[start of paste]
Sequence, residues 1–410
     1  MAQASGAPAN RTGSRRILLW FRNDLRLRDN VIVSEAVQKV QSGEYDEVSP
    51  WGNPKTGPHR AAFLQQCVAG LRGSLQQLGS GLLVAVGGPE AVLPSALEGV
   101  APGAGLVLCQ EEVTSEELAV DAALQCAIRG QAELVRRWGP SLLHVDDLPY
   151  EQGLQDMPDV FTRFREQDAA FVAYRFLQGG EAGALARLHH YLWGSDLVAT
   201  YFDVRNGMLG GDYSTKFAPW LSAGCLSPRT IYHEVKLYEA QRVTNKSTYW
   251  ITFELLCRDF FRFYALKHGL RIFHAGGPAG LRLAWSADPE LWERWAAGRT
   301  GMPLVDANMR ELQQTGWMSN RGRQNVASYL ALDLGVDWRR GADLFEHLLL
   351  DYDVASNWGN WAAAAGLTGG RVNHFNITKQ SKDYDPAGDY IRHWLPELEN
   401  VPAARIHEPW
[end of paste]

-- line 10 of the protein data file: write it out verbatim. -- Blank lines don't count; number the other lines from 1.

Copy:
   401  VPAARIHEPW